Most of us use shower gels for hygiene and daily skin care. There are hundreds of brands and thousands of packages, colours, textures and fragrances. Unless we are experts, reading labels raises many doubts. What are all these ingredients and what effect do they have on our skin?
The main action of body and facial hygiene products is to remove the dirt accumulated on our skin. We consider a good hygiene product to be one that cleans us and produces abundant foamy lather while not irritating the skin or mucous membranes. In addition to this primary function, depending on the ingredients, gels may also have antiseptic, moisturizing or stimulating effects. But do we really know what’s in our shower gel?
Today we will read the labels of two gels widely available in Europe, one a commercial brand and the other a white label brand. Although gel formulae cover hundreds of ingredients, those on the labels are very typical. We are sure that this information will be of interest to our readers.
AQUA, SODIUM LAURETH SULFATE, SODIUM CHLORIDE, PEG-7 GLYCERYL COCOATE, COCAMIDOPROPYL BETAINE, GLYCERIN, PARFUM, STYRENE/ACRYLATES COPOLYMER, POLYQUATERNIUM-7, DECYL GLUCOSIDE, TETRASODIUM EDTA, CITRIC ACID, METHYLPARABEN, PROPYLPARABEN, METYLCHLOROISOTHIAZOLINONE, METHYLISOTHIAZOLINONE, LIMONENE, LINALOOL, HEXYL CINNAMAL
AQUA, SODIUM C12-13 PARETH SULFATE, SODIUM LAURETH SULFATE, COCAMIDOPROPYL BETAINE, GLYCERIN, SODIUM CHLORIDE, PARFUM, COCAMIDE MEA, STYRENE/ACRYLATES COPOLYMER, SODIUM SALICYLATE, SODIUM BENZOATE, POLYQUATERNIUM-7, GLYCOL DISTEARATE, CITRIC ACID, TETRASODIUM EDTA, LACTOSE, LAURETH-4, LACTIS PROTEINUM, POLOXAMER 124, BENZYL SALICYLATE, BUTYLPHENYL METHYLPROPIONAL, CITRONELLOL, HEXYL CINNAMAL
Water is the liquid solvent par excellence in gels, although some (very few) products have an oil base.
SODIUM LAURETH SULFATE, SODIUM C12-13 PARETH SULFATE
These agents, called anionic surfactants, are the true cleansers: they remove dirt and microorganisms. They produce abundant although short-lived lather. Since anionic agents are slightly irritant they are almost always combined with other more compatible dermal surfactants to counteract this drawback.
The glucosides are non-ionic surfactants; these particularly mild, biodegradable agents are well tolerated by even the most sensitive skins. They are derived from natural raw materials (coconut and sugar).
COCAMIDE MEA, COCAMIDOPROPYL BETAINE, POLOXAMER 124
These belong to another group of surfactants that are less irritating to the eyes and skin than the anionic agents. They produce a creamy, more stable foam that is pleasant to apply.
This is an active humectant, that is, it retains water in the outermost skin layers. It is used to counteract the dryness caused by the detergent contained in shower gels.
PEG-7 GLYCERYL COCOATE, LAURETH-4
These components are emulsifiers, which integrate gel ingredients that are poorly soluble in water. Nutritional oils, for example, would not be stable in a shower gel without these components.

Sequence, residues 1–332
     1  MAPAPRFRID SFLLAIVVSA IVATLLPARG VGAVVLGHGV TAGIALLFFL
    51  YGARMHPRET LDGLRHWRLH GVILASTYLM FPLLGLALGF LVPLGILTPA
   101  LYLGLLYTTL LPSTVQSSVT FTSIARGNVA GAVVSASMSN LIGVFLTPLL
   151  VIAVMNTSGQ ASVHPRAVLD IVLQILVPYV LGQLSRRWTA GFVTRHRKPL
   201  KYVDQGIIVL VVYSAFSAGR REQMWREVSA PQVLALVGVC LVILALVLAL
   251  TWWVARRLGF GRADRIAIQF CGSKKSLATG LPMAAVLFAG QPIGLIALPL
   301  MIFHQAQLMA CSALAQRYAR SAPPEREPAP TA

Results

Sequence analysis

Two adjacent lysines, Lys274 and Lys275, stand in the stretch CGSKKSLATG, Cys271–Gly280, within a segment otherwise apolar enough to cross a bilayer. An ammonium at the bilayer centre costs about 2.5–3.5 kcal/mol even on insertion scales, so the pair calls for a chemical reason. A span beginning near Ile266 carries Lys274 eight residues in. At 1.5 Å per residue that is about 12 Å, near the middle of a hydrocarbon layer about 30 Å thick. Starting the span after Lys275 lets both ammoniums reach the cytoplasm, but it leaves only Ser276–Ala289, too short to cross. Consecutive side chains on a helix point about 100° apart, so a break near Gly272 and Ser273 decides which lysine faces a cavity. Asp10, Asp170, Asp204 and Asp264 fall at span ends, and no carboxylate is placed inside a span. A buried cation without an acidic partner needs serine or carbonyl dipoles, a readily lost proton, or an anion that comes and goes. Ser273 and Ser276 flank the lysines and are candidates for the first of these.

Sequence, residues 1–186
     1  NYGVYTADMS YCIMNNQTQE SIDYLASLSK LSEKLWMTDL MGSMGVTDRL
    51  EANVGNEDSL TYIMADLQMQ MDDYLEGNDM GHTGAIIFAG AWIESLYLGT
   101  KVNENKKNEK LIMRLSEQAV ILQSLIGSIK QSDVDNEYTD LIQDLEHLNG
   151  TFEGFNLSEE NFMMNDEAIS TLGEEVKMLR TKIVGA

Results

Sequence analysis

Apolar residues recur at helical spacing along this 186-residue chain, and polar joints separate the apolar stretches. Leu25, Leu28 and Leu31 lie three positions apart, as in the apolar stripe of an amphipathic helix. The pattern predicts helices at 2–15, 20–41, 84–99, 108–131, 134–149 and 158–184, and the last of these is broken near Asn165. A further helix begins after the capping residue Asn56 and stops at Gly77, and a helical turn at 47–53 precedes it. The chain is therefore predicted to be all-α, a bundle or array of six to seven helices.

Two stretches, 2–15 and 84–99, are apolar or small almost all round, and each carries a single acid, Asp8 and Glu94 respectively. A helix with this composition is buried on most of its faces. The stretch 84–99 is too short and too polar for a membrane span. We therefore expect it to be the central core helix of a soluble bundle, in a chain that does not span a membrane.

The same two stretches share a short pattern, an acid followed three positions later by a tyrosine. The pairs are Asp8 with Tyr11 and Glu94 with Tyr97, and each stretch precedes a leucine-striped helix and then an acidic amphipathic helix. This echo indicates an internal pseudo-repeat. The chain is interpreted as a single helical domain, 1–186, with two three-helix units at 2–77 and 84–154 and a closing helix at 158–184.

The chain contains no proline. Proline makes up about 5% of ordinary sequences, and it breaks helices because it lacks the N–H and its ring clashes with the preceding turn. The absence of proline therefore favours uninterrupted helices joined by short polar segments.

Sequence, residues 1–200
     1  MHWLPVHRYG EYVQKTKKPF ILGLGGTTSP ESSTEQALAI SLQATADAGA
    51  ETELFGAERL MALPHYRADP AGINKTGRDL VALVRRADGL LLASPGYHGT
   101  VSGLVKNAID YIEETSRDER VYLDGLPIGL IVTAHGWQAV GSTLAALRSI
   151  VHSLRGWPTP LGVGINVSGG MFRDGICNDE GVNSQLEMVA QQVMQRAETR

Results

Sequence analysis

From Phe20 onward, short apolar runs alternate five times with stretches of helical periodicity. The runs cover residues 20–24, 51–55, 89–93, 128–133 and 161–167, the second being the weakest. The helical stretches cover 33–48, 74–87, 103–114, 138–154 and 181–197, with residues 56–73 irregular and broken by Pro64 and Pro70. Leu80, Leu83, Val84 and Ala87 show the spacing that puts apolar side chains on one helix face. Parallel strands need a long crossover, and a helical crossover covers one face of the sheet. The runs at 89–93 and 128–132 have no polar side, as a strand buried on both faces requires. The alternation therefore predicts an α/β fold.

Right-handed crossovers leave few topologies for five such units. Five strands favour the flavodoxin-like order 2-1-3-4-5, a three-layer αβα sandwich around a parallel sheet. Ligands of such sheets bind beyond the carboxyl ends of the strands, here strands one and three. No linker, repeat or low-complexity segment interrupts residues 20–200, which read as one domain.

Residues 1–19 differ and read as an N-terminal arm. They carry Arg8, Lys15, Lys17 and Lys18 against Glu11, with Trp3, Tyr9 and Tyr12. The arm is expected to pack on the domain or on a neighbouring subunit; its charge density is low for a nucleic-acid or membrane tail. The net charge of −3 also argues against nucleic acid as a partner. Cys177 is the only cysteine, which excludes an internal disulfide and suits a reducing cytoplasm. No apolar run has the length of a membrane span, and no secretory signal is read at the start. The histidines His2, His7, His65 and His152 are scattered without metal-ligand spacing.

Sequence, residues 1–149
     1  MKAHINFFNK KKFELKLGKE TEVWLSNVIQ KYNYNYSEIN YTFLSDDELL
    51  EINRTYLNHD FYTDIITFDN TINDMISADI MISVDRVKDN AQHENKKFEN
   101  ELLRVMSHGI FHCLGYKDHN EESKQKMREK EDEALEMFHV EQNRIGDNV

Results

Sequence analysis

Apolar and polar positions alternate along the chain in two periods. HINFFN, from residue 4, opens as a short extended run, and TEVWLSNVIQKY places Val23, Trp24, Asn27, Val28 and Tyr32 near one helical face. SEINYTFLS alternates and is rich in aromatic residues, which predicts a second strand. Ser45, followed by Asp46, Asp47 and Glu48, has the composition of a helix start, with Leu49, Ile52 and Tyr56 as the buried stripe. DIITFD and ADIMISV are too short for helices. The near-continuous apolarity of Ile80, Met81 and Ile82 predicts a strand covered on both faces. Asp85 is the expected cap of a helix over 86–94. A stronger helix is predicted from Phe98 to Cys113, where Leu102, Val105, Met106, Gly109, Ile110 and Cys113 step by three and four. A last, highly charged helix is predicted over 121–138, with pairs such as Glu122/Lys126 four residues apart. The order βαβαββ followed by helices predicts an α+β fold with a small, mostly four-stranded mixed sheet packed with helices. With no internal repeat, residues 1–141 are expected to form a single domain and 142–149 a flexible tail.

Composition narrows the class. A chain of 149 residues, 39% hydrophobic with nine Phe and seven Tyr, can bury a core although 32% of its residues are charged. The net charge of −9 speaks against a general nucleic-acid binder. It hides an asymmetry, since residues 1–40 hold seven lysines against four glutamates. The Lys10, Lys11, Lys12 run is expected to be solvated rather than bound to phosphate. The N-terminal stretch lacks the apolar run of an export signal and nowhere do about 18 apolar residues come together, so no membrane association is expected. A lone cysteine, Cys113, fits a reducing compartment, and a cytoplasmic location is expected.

This cationic surfactant belongs to a family of dozens of similar active ingredients (from PQ-2 to PQ-70). These surfactants are essential in shampoos, given their ability to untangle hair. When included in body cleansing gels, they leave the skin soft and smooth.
This agent, which makes the gel viscous so that it can be easily applied, is nothing less than common salt, the simplest, most inexpensive and popular agent used for this purpose.
This substance traps the calcium ions in hard water (with too much lime) that affect foaminess. It increases gel performance and its synergic action with preservatives enhances antimicrobial activity.
Here we have the parabens, a family of preservatives. Their function is to ensure that the cosmetic product remains in suitable microbiological conditions during storage and use.
The isothiazolinones are another group of preservatives. As possible allergens, they have been the subject of scientific debate.
SODIUM BENZOATE, SODIUM SALICYLATE
These preservatives, considered to be more natural and safer, are being increasingly used.
The purpose of this component is to ensure a suitable pH (acidity level) that maintains the skin’s acid mantle.
This indicates that the gel has perfume in its formula. If a formula contains any of 26 official skin allergens listed by the European Commission in a proportion of more than 0.01%, the ingredient must feature on the label.
The above labels list the following allergens:
LIMONENE, LINALOOL, HEXYL CINNAMAL, BENZYL SALICYLATE, CITRONELLOL, HEXYL CINNAMAL, BUTYLPHENYL METHYLPROPIONAL
Many other ingredients can be used specifically to define and customize the product. The labels above include the following ingredients:
GLYCOL DISTEARATE. Adds pearlescence to the gel.
STYRENE ACRYLATES COPOLYMER. Gives the gel an opaque white appearance.
LACTOSE. Milk sugar. It softens the skin and has moisturizing properties.
LACTIS PROTEINUM. Milk proteins rich in essential amino acids with nourishing and moisturizing properties.
To our relief as consumers, the ingredients of cosmetic products are subject to tight regulation by the European Commission. Certain ingredients are forbiden and others are allowed at certain doses or in certain types of products. These ingredients are evaluated on an ongoing basis by the scientific community to ensure safe use. The European Commission’s lists are modified as more data become available about possible adverse effects.